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Your ISO 9001 implementation can become more manageable by breaking it down into distinct tasks. This handy checklist reflects our proven simplified approach to ISO 9001 that focuses not only on easy, stress-free implementation but also on efficient, non-bureaucratic processes that truly benefit your business.
Also available: PDF download of this practical checklist
More about each implementation task: 5-step guide to ISO 9001 certification
Your organization can gain numerous internal and marketing benefits from ISO 9001 – if it first defines and then actively pursues them. Focus on operations and current shortcomings. Convert into SMART objectives.
You aren't required to apply ISO 9001 to your entire organization. Decide if any departments should be excluded. Decide on a gradual roll-out.
Do-It-Yourself kit, consultant, or a hybrid approach? Each could be done remotely.
No matter which implementation approach you choose and which ISO tasks you outsource, somebody needs to be the ISO 9001 point person. If you do it all in-house, you might even appoint an implementation team.
The ISO 9001 point person and the implementation team should have a solid understanding of the standard and its requirements. Some of this knowledge can also be acquired by working alongside a consultant.
Don't take this lightly. It's crucial that top management not only support the ISO project but also "walk the talk". The first step in achieving active support is providing management with the needed knowledge.
Inform your staff early and before rumors start. Show how employees will benefit from ISO 9001 and explain how everyone can contribute positively to the project.
A gap analysis prior to project planning is particularly useful for larger companies or if a consultant is involved. Small and mid-size companies could conduct several small gap analyses during the documentation or implementation phases.
Plan the ISO 9001 implementation as a project. Focus on implementation steps, milestones, and target dates. Assign responsibilities. And keep it simple!
The ISO 9001:2015 standard includes explicit and implicit requirements for documents and records, as well as stringent document control guidelines. Since all (ISO 9001) documents must be controlled, it is wise to develop your document control procedure first.
These documents form the basis of your QMS: scope statement, quality policy, quality objectives, and process map.
Take one clause at a time and determine the organizational functions that are impacted. Establish the current level of compliance and – together with affected management – work out how to fill the gaps.
Forms and checklists save time. They can support work processes and record keeping. Develop forms and checklists that simplify compliance with your procedures.
Teach department managers and team leaders how to use ISO to achieve tangible benefits. Then let this key group adopt an active role during implementation.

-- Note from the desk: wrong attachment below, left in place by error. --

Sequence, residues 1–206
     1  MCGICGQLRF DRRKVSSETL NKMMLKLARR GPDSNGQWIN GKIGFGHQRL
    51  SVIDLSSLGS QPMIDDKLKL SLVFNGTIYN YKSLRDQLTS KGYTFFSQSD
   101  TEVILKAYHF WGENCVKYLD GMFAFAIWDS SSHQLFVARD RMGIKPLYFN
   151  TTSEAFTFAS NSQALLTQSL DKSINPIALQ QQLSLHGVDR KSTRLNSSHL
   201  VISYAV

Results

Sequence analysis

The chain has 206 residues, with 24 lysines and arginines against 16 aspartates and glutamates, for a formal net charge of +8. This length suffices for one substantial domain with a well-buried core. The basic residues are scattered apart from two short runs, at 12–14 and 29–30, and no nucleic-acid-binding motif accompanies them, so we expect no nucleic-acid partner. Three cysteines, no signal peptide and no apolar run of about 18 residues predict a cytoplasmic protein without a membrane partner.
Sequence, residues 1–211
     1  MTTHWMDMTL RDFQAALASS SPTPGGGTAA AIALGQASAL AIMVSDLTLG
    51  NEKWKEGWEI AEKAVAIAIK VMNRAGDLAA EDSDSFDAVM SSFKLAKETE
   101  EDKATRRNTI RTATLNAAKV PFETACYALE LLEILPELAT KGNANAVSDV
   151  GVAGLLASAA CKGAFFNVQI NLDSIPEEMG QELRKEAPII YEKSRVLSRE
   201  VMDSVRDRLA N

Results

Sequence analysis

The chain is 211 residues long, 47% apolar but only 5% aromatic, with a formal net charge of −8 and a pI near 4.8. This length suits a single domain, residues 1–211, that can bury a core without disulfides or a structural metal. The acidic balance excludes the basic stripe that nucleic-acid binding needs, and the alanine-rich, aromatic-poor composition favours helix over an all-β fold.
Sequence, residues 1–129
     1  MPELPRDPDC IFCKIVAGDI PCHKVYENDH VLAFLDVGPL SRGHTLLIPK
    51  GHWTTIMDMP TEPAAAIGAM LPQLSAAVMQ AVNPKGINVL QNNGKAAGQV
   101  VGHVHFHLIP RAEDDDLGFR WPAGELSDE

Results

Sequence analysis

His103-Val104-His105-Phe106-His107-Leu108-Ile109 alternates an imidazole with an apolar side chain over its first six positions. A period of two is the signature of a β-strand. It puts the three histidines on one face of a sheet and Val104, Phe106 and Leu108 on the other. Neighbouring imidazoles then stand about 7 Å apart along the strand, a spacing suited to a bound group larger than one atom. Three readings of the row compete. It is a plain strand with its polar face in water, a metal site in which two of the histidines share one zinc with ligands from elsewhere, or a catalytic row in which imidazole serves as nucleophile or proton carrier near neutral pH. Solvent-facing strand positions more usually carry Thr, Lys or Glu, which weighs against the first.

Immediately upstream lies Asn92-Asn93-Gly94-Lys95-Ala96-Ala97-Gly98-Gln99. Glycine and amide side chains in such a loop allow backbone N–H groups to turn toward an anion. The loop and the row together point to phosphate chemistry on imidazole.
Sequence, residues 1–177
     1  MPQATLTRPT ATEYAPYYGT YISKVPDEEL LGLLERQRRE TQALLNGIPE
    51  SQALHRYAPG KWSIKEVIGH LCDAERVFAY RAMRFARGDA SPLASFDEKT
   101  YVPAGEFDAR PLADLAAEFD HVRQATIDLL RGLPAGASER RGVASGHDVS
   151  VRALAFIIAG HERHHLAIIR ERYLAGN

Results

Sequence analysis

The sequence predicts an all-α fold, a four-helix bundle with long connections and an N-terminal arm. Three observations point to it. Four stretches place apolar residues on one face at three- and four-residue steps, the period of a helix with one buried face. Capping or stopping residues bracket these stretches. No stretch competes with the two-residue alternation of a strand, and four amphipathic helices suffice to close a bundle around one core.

Introduce staff to your new procedures, one at a time. Use employee meetings or teach managers to inform their staff. Start with document control.
Empower staff to redesign their work processes along the new ISO 9001 requirements. Processes are best analyzed and fine-tuned through flowcharts on a white board. Redesigned process should be documented.
Work instructions are step-by-step directions on how to perform an activity. Work instructions are best written by staff who actually perform the work. You may need to verify compliance with your new procedures.
As you are implementing new processes, be sure to generate and keep records. Certification auditors will use them to verify compliance.
Gain early marketing benefits through advertising your pending accreditation. Add substance by describing your QMS, summarizing your procedures, and announcing your certification date.
The audit program includes an audit schedule, methods for audit planning, auditing forms and checklists, and a team of auditors. A procedure is useful.
Auditors need to be familiar with the ISO 9001:2015 standard, be able to verify if its requirements are effectively implemented, and ideally have the skills to promote best practices and add operational value.
Start your audits early to support your implementation efforts. Leverage your audits as a training tool. Initially, focus on particular requirements or procedures.
Conclude one complete internal audit and ensure that any identified nonconformities are addressed prior to certification. Keep records.
Choose an accredited registrar that meets your company's specific needs.
Tidy up work areas, and remove uncontrolled and obsolete documents. Prepare staff and rehearse typical auditor questions.
Undergo the stage 1 and stage 2 audits. Address any nonconformities and inform your registrar.
Publicize your certification through press releases, your website and company stationary. Inform current and prospective customers.
Make sure your QMS remains implemented and used in daily operations. Continue your internal audits. Have your registrar perform surveillance audits. Address any nonconformities.
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